A Cossack Takes the Cross: Prince Menshikov’s Crusade

  • Jack Fairey
Part of the Histories of the Sacred and the Secular 1700–2000 book series


On 11 April 1854, Admiral Prince Aleksandr Sergeevich Menshikov, commander of Russian armed forces in the Crimea, made an unexpected appearance on the Paris stage. He did so not in the flesh, but as a character in a new play entitled Constantinople written by Alphonse Arnault and Louis Judicis for the Théâtre Impérial du Cirque. The honour of being thus immortalized was a dubious one, as Menshikov was portrayed as the villain of the piece and the very personification of the Russian aggression that France had taken up arms to resist. The playwrights chose to begin by dramatizing a particularly notorious incident from Menshikov’s ill- fated trip to Istanbul as a special envoy in 1853. Act 1 opens with the Ottoman divan or council of ministers awaiting the arrival of the Russian ambassador. The (fictional) grand vizier, Hassein Bey, reminds his colleagues that they were met to consider a recent ultimatum from the Russian envoy: the sultan must grant Russia a religious protectorate over his Christian subjects or risk war. The Ottoman ministers could not recognize such a protectorate, since, as the vizier observes, Russia would thereby acquire ‘a veritable priestly monarchy over all the Greeks of the Ottoman Empire and thus deprive the Sultan of thirteen million of his subjects. The Sultan, our august sovereign, cannot accept such a proposition without abdicating’.2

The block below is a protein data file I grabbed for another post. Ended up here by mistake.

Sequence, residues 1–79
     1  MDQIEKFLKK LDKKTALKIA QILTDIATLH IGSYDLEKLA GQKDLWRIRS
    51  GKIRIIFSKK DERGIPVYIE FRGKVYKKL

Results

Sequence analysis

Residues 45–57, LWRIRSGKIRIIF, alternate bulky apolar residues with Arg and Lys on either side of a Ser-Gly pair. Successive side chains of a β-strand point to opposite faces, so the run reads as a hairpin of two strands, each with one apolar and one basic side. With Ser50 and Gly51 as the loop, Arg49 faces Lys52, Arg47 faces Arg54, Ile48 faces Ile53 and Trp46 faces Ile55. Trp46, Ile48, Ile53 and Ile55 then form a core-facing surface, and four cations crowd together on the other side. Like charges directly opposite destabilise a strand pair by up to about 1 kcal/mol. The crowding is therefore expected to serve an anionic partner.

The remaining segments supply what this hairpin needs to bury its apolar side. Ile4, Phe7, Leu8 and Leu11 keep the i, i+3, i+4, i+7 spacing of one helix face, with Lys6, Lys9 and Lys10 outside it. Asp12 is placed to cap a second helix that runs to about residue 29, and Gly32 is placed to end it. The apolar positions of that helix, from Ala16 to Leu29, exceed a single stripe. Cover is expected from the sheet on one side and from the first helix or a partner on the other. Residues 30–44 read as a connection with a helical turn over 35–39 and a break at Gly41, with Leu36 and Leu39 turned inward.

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  1. 1.
    J. Buzon Jr., RÉPONSE ( Bordeaux: Métreau, 1867 ), p. 24.Google Scholar
  2. 2.
    Adolphe Arnauld, Louis Judicis, and Jaime Judicis, Constantinople ( Paris: Librairie Théâtrale, 1854 ), p. 7.Google Scholar
  3. 5.
    See, for example Ernest Hamel, Souvenirs de l’homme libre (Paris: Dentu, 1878), p. 301.Google Scholar
  4. 53.
    Elizabeth Roberts, Realm of the Black Mountain (London: C. Hurst, 2007), pp. 216– 21.Google Scholar
  5. 59.
    Russian Foreign Ministry, Le Nouveau Portfolio (Berlin: F. Schneider, 1854), pp. 4–6.Google Scholar

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© Jack Fairey 2015

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  • Jack Fairey

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